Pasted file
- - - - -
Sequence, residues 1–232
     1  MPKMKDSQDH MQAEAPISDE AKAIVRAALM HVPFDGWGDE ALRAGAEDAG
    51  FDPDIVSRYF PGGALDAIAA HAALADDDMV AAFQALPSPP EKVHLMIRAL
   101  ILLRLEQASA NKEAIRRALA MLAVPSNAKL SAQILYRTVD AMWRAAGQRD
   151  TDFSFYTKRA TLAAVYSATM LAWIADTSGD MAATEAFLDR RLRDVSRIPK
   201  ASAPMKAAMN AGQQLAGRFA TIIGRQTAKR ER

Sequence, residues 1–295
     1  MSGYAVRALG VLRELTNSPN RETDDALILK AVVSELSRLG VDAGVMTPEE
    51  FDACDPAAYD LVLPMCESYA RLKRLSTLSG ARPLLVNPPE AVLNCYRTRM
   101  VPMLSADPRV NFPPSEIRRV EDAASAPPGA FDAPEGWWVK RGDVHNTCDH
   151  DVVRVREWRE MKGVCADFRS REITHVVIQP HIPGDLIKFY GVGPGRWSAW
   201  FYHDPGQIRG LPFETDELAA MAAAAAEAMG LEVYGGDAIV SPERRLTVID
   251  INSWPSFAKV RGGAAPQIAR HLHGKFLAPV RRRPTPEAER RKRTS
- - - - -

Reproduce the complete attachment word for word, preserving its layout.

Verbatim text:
Sequence, residues 1–232
     1  MPKMKDSQDH MQAEAPISDE AKAIVRAALM HVPFDGWGDE ALRAGAEDAG
    51  FDPDIVSRYF PGGALDAIAA HAALADDDMV AAFQALPSPP EKVHLMIRAL
   101  ILLRLEQASA NKEAIRRALA MLAVPSNAKL SAQILYRTVD AMWRAAGQRD
   151  TDFSFYTKRA TLAAVYSATM LAWIADTSGD MAATEAFLDR RLRDVSRIPK
   201  ASAPMKAAMN AGQQLAGRFA TIIGRQTAKR ER

Sequence, residues 1–295
     1  MSGYAVRALG VLRELTNSPN RETDDALILK AVVSELSRLG VDAGVMTPEE
    51  FDACDPAAYD LVLPMCESYA RLKRLSTLSG ARPLLVNPPE AVLNCYRTRM
   101  VPMLSADPRV NFPPSEIRRV EDAASAPPGA FDAPEGWWVK RGDVHNTCDH
   151  DVVRVREWRE MKGVCADFRS REITHVVIQP HIPGDLIKFY GVGPGRWSAW
   201  FYHDPGQIRG LPFETDELAA MAAAAAEAMG LEVYGGDAIV SPERRLTVID
   251  INSWPSFAKV RGGAAPQIAR HLHGKFLAPV RRRPTPEAER RKRTS